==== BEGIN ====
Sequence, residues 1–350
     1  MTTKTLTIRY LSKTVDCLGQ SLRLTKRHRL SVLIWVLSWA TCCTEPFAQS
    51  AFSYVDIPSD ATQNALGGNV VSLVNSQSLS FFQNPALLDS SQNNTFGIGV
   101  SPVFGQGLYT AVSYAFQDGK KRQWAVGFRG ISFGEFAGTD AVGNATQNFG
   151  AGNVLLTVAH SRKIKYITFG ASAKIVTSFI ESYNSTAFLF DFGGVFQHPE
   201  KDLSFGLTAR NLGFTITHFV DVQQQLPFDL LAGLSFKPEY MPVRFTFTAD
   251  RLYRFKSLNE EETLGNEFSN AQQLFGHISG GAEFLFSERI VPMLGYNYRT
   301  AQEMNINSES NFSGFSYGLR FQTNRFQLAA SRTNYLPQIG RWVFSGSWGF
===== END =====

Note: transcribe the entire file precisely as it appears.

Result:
Sequence, residues 1–350
     1  MTTKTLTIRY LSKTVDCLGQ SLRLTKRHRL SVLIWVLSWA TCCTEPFAQS
    51  AFSYVDIPSD ATQNALGGNV VSLVNSQSLS FFQNPALLDS SQNNTFGIGV
   101  SPVFGQGLYT AVSYAFQDGK KRQWAVGFRG ISFGEFAGTD AVGNATQNFG
   151  AGNVLLTVAH SRKIKYITFG ASAKIVTSFI ESYNSTAFLF DFGGVFQHPE
   201  KDLSFGLTAR NLGFTITHFV DVQQQLPFDL LAGLSFKPEY MPVRFTFTAD
   251  RLYRFKSLNE EETLGNEFSN AQQLFGHISG GAEFLFSERI VPMLGYNYRT
   301  AQEMNINSES NFSGFSYGLR FQTNRFQLAA SRTNYLPQIG RWVFSGSWGF